Newspapers Appearing on the Newsstand:
Monday, 28 June 2010

Deum Ampil, Vol.4, #515, 27-28.6.2010

  • The Person Who Filmed Beautiful Girls Bathing in Holy Water is a Monk of the Srah Chak Pagoda [after a video clip leaked of nude women bathing in holy water, police investigated and found out that a Srah Chak Pagoda monk had hidden a camera to film them; he was arrested and defrocked – Phnom Penh]
  • The Wife of the Spokesperson of the US Embassy [Mr. John Johnson] Suffered Serious Injuries after a Car Accident [in Sihanoukville]

Kampuchea Thmey, Vol.9, #2286, 27-28.6.2010

  • The UN Special Rapporteur Surya Subedi Apologized to the Cambodian Prime Minister [for using the word “disappointed” as he could not meet with Mr. Hun Sen]
  • [The head of the National Authority for Combating Drugs] His Excellency Ke Kim Yan Asked Common Citizens to Be Brave to Report Real Information to the National Authority for Combating Drugs or Directly to Him If They Are Afraid that There Is Collusion [between police and drug smugglers]

Khmer Machas Srok, Vol.4, #692, 27-28.6.2010

  • [The executive director of the Khmer Kampuchea Krom Federation] Thach Ngok Thach Said that Khmer Kampuchea Krom People Are Disappointed when Samdech Euv [the former King] Did Not Raise the Case of Yuon [Vietnamese] Mistreatments [of Khmer Kampuchea Krom people]

Koh Santepheap, Vol.43, #6993, 28.6.2010

  • More Than 200 Pieces of Luxury Grade Wood Were Seized [they had been gathered by wood traders to export them to Vietnam [no info about any punishment of the wood traders – Ratanakiri]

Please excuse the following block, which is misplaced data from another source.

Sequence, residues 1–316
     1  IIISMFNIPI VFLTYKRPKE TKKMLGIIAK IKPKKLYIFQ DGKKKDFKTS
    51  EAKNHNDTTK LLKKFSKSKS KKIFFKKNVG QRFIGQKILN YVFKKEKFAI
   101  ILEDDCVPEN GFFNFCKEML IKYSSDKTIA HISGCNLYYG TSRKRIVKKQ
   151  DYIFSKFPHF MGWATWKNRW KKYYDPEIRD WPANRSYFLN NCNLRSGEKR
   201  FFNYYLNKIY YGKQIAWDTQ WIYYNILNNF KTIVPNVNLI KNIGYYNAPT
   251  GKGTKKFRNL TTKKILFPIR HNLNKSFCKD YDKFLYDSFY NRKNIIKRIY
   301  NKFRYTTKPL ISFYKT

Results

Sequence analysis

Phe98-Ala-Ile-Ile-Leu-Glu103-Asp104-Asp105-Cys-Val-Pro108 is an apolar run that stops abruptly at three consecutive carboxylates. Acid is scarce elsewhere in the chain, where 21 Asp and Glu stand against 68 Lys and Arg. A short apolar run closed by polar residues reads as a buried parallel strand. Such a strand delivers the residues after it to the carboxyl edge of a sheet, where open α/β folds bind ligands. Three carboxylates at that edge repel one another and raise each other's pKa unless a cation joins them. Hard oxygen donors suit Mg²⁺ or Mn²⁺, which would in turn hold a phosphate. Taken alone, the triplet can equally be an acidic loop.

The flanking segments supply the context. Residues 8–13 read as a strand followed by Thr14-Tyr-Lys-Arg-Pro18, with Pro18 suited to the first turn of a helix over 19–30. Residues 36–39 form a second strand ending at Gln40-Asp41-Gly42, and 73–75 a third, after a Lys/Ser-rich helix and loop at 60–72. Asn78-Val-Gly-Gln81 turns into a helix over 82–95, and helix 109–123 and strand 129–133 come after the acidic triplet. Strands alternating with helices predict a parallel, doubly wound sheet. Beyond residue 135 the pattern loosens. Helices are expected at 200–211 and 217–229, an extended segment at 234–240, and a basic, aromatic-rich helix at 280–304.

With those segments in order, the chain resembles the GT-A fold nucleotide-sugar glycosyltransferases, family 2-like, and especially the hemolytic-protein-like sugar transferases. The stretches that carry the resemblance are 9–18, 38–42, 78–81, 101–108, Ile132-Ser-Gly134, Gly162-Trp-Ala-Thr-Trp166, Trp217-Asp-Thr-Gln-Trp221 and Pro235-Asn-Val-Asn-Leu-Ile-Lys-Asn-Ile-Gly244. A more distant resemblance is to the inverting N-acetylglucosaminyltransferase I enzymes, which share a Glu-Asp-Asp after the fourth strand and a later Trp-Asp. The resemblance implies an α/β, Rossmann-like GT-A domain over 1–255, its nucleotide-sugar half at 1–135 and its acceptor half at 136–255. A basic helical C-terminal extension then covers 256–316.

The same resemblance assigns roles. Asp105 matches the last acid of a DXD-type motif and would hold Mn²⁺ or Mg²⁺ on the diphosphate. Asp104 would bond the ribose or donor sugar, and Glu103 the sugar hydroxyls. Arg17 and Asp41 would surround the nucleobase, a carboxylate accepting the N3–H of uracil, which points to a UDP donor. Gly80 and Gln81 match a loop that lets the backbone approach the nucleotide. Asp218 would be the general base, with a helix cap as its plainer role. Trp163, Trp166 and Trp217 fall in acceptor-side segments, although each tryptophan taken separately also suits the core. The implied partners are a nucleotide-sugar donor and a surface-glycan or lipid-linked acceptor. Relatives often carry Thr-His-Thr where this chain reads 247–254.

Moneaksekar Khmer, Vol.17, #3917, 28.6.2010

  • Cambodia Is Side-Tracking in Implementing the UN Convention Against Torture

Rasmei Kampuchea, Vol.18, #5235, 27-28.6.2010

  • Human Rights Activists Called on the Cambodian Government to Implement the UN Convention Against Torture
  • The Construction of a Bridge of 2,215 meters at Neak Loeung [across the Mekong River in Prey Veng] Will Start at the End of 2010 [under grant aid from Japan]

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Not Everything Legal is Considered Legitimate – Sunday, 20.6.2010

Posted on 22 June 2010. Filed under: *Editorial*, Week 669 | Tags: , , , , , , , , , , , , , , , , , , , |

The Mirror, Vol. 14, No. 669

A Secretary of State of the Ministry of Health spoke against the economic exploitation from blood donations and blood infusions during an event at the occasion of the World Blood Donors’ Day. Did she say that the financial transactions related to blood donations and transfusions are illegal? No. They are legal. But she still considers these business aspect as “totally against the moral of medical professionalism, and such behavior must be avoided.”

We encounter here a situation where something that is legal is still being considered not to be legitimate. No law is violated, but still some people claim to have good reasons to say that it is not acceptable.

And the Secretary of State elaborated further about the consequences of such a discrepancy, when – from a moral perspective – a legal but illegitimate action leads to a loss of “trust from the general public” in medical institutions which are involved in such actions.